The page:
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Wednesday, August 10, 2022

UK consumer prices rise at fastest pace in almost 30 years

LONDON (AP) — Consumer prices in the United Kingdom have risen at the fastest pace in almost 30 years as higher costs for energy, transportation, food and furniture squeezed household incomes.

Inflation measured by the consumer price index accelerated to 5.4% in the 12 months through December, the Office for National Statistics said Wednesday. That is the highest rate since March 1992, when inflation stood at 7.1%, and above the 5.1% seen a month earlier.

Economists warned that inflation is likely to rise further in coming months as the full impact of a recent surge in energy prices hits consumers. Gas and electricity bills for millions of households are expected to rise by 50% or more in April when a semi-annual adjustment in the energy price cap takes effect.

The government is under pressure to mitigate the jump in energy prices, with inflation now rising faster than wages. Soaring energy prices, supply chain backups and other issues led the Bank of England to raise interest rates last month for the first time in more than three years, increasing costs for borrowers, despite concern about the economic fallout from a surge in COVID-19 infections driven by the omicron variant.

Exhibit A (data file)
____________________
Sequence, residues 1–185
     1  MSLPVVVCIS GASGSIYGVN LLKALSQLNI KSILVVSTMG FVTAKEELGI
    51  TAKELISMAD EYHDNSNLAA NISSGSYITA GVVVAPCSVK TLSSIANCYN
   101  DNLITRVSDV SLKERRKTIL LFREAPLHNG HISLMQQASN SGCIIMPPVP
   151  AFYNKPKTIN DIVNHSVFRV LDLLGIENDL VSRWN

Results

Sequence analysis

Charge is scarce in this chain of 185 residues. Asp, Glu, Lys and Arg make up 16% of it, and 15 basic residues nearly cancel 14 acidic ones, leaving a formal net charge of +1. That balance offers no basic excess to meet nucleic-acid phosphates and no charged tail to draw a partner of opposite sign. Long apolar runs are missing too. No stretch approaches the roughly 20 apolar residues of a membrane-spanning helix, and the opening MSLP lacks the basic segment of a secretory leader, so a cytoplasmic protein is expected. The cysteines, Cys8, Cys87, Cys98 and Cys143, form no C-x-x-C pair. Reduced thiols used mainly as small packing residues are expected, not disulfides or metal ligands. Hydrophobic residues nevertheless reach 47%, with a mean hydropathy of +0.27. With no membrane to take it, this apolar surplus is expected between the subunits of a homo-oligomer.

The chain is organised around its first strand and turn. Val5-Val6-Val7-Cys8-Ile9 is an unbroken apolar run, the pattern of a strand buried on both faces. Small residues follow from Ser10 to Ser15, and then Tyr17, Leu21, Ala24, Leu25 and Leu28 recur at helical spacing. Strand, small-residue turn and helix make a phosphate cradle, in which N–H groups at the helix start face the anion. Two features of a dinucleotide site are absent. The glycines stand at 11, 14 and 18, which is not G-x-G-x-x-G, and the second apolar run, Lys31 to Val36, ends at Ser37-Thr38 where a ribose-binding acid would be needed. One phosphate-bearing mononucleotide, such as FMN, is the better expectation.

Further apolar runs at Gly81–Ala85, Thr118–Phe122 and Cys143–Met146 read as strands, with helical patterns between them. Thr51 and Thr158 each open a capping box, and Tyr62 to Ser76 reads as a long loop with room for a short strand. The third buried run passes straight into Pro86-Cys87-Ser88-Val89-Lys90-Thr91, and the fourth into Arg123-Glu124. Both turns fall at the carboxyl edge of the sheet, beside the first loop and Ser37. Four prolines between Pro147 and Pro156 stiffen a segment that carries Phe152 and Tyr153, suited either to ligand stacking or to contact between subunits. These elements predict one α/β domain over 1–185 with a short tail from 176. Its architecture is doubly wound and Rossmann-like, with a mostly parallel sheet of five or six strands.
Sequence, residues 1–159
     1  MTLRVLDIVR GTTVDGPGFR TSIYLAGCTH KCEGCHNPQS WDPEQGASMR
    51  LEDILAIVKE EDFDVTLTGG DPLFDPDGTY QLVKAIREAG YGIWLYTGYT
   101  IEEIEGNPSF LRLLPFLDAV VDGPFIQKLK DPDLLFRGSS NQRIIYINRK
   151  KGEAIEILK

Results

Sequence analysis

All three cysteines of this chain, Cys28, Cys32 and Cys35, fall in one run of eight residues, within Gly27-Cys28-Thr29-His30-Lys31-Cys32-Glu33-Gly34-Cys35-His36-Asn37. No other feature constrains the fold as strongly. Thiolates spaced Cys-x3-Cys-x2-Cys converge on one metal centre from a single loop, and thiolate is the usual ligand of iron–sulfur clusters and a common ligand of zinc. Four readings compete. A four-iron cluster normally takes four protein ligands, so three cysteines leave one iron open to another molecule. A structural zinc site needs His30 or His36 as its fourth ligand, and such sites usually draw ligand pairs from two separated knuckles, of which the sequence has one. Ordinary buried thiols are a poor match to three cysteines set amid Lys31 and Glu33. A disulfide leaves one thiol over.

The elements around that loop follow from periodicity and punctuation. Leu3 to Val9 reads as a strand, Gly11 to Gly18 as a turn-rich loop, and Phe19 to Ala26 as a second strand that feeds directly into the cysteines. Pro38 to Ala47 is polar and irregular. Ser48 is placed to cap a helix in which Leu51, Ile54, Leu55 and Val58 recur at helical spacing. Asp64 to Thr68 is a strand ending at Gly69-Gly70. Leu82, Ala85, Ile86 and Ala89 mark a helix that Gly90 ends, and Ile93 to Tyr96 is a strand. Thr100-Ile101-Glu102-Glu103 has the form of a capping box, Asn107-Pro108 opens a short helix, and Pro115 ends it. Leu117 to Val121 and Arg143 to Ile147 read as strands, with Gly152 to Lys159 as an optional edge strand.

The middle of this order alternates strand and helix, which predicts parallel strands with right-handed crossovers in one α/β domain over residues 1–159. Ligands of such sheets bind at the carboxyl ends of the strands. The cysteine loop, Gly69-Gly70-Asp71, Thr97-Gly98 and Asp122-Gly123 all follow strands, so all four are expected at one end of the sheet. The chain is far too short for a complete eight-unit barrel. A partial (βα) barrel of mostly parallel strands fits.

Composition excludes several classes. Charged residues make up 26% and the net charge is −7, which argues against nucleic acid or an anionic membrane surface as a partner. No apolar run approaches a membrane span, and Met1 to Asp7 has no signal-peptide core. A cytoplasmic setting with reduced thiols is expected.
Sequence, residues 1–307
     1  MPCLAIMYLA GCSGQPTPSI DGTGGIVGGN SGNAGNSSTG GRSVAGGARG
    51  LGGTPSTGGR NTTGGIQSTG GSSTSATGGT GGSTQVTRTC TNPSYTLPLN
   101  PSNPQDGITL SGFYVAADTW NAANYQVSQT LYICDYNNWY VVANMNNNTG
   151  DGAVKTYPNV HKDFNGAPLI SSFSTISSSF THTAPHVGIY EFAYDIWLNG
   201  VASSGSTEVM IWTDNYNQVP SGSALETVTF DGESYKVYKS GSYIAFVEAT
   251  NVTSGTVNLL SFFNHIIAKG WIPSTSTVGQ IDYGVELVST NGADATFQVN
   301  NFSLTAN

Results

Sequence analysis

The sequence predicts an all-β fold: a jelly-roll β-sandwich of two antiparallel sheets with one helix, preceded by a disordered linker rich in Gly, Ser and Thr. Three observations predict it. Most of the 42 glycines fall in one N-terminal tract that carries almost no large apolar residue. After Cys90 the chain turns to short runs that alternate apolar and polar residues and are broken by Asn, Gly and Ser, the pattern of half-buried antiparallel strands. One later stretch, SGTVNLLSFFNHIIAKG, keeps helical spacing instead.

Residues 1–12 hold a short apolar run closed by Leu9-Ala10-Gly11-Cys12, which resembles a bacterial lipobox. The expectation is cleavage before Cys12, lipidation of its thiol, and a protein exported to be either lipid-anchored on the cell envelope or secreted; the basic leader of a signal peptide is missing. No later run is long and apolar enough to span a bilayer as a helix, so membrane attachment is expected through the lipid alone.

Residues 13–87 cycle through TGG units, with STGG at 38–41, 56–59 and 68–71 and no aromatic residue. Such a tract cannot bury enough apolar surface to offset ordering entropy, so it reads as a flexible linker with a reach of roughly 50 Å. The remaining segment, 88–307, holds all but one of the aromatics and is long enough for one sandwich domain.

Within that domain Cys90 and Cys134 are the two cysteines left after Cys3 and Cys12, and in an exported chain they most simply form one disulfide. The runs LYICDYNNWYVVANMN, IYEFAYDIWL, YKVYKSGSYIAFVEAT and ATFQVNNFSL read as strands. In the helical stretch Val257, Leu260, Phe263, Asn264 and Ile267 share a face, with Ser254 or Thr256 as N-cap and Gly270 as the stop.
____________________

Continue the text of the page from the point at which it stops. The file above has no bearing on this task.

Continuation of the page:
“What is of particular concern is that the change from November has come mainly from an increase in the price of food,” said Kitty Ussher, chief economist for the Institute of Directors. “Not only does this provide additional evidence that inflation is becoming endemic rather than transitory, it also bodes ill for households facing multiple rises in the cost of living this spring.”

The Bank of England, which tries to keep inflation below 2%, in December raised its benchmark interest rate to 0.25% from a record low 0.1%.

Shafiq Shabir, head of electronic trading at the broker Intertrader, said interest rates may climb to 1% by the end of this year following the “eye-watering” inflation figures.

“Wage growth is expected to sit at 4.5% for 2022, meaning many will see their real-term incomes fall behind the increasingly tight cost of living.”

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